Barking Up the Wrong Tree: The Surprising Science Behind Why Everything You Know About Success Is (Mostly) Wrong, Eric Barker. A fascinating book that lives up to its title. You’ll learn, among other things, why valedictorians tend not to be millionaires, and why cheaters tend to trade short-term gains for long-term happiness.
Hunger Makes Me a Modern Girl, Carrie Brownstein. If you only know Carrie Brownstein from Portlandia, you are missing entire chunks of her genius. She’s a co-founder of Sleater-Kinney, one of the two most important punk bands of the last 30 years (along with Fugazi). This memoir is ultimately about finding, developing and asserting one’s voice.
Be the Best at What Matters Most, Joe Calloway. Calloway and I share similar philosophies about business and branding. It’s right there in the first chapter: “The winners in business aren’t the ones who do the most things. The winners are the ones who do the important things.” Even a celebrated brand like Zappos is just executing the basics exceptionally well. This book is the antidote for flavor-of-the-month gimmicks.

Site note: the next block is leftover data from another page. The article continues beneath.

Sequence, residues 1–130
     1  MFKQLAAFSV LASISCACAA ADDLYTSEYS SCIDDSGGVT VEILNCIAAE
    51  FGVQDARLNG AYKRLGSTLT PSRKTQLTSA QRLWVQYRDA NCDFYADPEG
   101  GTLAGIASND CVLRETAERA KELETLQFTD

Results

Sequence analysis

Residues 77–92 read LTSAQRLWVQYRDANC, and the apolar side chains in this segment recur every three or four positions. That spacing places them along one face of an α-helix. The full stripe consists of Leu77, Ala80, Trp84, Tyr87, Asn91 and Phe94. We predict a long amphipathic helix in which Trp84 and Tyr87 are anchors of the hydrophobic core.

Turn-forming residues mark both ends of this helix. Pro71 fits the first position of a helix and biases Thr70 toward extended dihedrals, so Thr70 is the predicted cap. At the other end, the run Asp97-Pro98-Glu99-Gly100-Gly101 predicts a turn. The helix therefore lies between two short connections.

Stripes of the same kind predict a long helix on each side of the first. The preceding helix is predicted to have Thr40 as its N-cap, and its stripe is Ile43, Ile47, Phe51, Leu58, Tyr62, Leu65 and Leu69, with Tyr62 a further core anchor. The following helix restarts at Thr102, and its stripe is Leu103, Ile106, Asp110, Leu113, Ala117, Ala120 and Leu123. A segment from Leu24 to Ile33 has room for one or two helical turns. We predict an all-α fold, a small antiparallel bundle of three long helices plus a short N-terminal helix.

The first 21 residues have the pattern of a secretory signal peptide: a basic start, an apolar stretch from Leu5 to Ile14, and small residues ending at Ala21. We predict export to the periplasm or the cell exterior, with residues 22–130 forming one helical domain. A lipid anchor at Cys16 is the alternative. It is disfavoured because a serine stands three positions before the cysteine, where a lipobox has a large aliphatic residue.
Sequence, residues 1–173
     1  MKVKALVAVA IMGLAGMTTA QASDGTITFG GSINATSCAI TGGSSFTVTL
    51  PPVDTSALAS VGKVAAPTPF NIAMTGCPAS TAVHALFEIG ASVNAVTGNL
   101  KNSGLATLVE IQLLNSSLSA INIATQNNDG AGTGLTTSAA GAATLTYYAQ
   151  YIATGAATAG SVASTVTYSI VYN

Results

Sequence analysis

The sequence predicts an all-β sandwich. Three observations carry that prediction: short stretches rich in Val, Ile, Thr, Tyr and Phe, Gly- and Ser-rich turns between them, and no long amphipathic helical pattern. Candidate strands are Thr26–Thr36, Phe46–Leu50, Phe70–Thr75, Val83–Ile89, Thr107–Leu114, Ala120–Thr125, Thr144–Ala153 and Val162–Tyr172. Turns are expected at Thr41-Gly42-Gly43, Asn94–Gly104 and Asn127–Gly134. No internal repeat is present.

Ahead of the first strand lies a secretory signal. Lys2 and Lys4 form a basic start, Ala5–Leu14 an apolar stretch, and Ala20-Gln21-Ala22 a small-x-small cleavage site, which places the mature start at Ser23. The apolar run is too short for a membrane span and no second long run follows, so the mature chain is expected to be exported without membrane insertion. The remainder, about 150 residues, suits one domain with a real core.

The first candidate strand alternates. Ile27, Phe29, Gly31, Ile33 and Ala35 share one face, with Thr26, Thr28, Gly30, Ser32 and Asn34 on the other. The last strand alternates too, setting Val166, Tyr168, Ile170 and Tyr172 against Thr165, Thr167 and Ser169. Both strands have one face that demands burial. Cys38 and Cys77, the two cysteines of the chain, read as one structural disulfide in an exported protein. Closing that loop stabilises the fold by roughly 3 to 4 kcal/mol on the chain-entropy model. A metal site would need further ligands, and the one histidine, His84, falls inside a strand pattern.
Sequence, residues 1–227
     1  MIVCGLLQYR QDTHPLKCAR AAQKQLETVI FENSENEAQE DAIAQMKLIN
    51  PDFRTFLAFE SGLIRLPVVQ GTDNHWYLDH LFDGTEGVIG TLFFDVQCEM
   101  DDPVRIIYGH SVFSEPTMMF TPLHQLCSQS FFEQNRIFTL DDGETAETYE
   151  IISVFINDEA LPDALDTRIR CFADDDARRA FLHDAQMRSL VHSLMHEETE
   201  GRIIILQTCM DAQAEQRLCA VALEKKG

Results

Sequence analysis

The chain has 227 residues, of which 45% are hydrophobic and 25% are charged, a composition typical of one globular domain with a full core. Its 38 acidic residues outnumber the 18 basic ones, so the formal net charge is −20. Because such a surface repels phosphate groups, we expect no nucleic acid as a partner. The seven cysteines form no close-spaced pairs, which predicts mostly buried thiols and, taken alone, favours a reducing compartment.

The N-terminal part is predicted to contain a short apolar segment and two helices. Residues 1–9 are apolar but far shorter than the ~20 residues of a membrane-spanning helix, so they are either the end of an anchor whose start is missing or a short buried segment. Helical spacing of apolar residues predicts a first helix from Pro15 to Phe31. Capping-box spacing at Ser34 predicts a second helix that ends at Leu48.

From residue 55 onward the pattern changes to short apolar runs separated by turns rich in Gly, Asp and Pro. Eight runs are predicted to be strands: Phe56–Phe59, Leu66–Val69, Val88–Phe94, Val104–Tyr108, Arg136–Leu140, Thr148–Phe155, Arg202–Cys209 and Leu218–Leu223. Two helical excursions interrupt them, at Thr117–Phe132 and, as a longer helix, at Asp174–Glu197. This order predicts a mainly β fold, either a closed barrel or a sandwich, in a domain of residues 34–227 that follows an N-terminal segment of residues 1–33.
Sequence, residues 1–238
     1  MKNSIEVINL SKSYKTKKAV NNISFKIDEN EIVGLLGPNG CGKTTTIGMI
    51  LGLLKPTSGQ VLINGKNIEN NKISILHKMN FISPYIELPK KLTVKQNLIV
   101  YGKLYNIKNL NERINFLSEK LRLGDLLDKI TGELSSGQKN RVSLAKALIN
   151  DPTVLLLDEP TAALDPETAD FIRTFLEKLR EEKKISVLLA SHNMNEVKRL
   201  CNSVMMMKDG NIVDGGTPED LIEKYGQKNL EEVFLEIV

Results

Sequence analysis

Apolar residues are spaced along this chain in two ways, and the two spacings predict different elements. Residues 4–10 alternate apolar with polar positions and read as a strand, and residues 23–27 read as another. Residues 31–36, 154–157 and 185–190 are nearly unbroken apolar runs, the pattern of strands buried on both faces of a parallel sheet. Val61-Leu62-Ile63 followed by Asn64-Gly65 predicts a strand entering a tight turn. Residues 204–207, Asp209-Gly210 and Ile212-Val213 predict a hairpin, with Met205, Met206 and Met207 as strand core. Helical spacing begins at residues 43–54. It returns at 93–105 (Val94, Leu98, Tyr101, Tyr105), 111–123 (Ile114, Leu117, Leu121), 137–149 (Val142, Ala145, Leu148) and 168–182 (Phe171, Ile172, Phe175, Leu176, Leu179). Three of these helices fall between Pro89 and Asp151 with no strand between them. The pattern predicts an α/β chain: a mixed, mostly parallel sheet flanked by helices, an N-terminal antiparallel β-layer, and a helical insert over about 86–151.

How to Write Short: Word Craft for Fast Times, Roy Peter Clark. A very necessary book for these times. It’s packed with examples and exercises, and Clark’s love for writing shines through. (I’m currently reading Clark’s Writing Tools, which will certainly be on my “Best Books I Read in 2018” list.)
The Obstacle Is the Way, Ryan Holiday. Feeling frustrated? Doubting yourself? Been betrayed? This modern take on Stoicism posits that you need three things: Perception (see clearly), Action (act correctly) and Will (endure and accept the world as it is).